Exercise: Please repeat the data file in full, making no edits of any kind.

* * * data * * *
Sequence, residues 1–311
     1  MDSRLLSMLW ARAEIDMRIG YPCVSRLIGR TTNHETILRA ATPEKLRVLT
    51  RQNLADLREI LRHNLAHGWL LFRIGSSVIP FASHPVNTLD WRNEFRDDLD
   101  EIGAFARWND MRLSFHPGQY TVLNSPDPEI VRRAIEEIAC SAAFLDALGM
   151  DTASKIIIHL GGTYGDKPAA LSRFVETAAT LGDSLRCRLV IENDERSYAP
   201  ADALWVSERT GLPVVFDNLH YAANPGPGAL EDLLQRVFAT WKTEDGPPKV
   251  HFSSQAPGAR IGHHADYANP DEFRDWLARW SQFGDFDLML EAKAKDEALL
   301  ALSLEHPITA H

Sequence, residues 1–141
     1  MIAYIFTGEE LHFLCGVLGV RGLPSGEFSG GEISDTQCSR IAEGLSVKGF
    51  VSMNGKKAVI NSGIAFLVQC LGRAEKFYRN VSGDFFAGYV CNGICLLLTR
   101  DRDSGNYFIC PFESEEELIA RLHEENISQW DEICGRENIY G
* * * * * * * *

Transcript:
Sequence, residues 1–311
     1  MDSRLLSMLW ARAEIDMRIG YPCVSRLIGR TTNHETILRA ATPEKLRVLT
    51  RQNLADLREI LRHNLAHGWL LFRIGSSVIP FASHPVNTLD WRNEFRDDLD
   101  EIGAFARWND MRLSFHPGQY TVLNSPDPEI VRRAIEEIAC SAAFLDALGM
   151  DTASKIIIHL GGTYGDKPAA LSRFVETAAT LGDSLRCRLV IENDERSYAP
   201  ADALWVSERT GLPVVFDNLH YAANPGPGAL EDLLQRVFAT WKTEDGPPKV
   251  HFSSQAPGAR IGHHADYANP DEFRDWLARW SQFGDFDLML EAKAKDEALL
   301  ALSLEHPITA H

Sequence, residues 1–141
     1  MIAYIFTGEE LHFLCGVLGV RGLPSGEFSG GEISDTQCSR IAEGLSVKGF
    51  VSMNGKKAVI NSGIAFLVQC LGRAEKFYRN VSGDFFAGYV CNGICLLLTR
   101  DRDSGNYFIC PFESEEELIA RLHEENISQW DEICGRENIY G